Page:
More Americans consider Great Britain, rather than Canada, to be the United States' top ally, according to a recent Gallup Poll.

The telephone survey of 1,023 adults found that although Canada is the United States' most important trading partner, 36 per cent of respondents believe Great Britain to be their country's "most valuable ally."

Canada ranked second, earning top spot from 29 per cent of respondents, with Japan, Israel and Germany rounding out the top five.

The poll's results were released on Tuesday, the same day that British Prime Minister Gordon Brown visited U.S. President Barack Obama for the first time since Obama was sworn into office.

The poll's findings may reflect the close ties forged between the U.S. and Great Britain over the last several years. Former British prime minister Tony Blair became one of former president George Bush's strongest allies, particularly after he pledged troops to the Iraq war.

Indeed, in a March 2007 Gallup Poll that asked Americans to assess Blair, respondents gave him a 65 per cent approval rating.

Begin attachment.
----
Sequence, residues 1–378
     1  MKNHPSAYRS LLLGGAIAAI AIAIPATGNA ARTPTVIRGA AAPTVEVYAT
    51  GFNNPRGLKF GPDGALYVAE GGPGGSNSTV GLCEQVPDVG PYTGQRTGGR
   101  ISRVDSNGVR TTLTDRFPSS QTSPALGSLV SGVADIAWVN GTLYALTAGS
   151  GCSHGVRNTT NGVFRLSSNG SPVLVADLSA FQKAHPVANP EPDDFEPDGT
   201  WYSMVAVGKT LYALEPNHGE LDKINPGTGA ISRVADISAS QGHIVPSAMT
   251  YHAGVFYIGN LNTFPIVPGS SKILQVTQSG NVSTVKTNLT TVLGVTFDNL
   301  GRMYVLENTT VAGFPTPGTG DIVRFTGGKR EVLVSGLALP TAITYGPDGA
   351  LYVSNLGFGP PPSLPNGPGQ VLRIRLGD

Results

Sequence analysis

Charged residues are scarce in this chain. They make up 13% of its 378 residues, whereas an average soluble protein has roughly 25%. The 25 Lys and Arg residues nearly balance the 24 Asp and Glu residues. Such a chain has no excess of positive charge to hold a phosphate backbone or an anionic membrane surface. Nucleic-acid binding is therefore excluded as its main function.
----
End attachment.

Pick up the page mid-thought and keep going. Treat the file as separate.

However, the new poll found that 40 per cent of respondents had never heard of Brown, while 29 per cent said they did not know enough about him to have an opinion about him.

While Americans overall may not consider Canada to be their country's most important ally, Canada was more popular than Great Britain among certain segments of the U.S. population.

Thirty-five per cent of Democrats said Canada was the United States' most valuable ally, compared to only 26 per cent of Republicans. As well, Americans living in the Midwest, whose home states are close to the Canadian border, are more likely to consider Canada rather than Great Britain as the United States' top ally.

And generally speaking, Americans still have a very favourable opinion of their neighbours to the north.

Ninety per cent of Americans gave Canada a favourable rating, including 39 per cent who gave Canada a "very favourable" rating. Eighty-nine per cent of Americans gave Great Britain a favourable rating.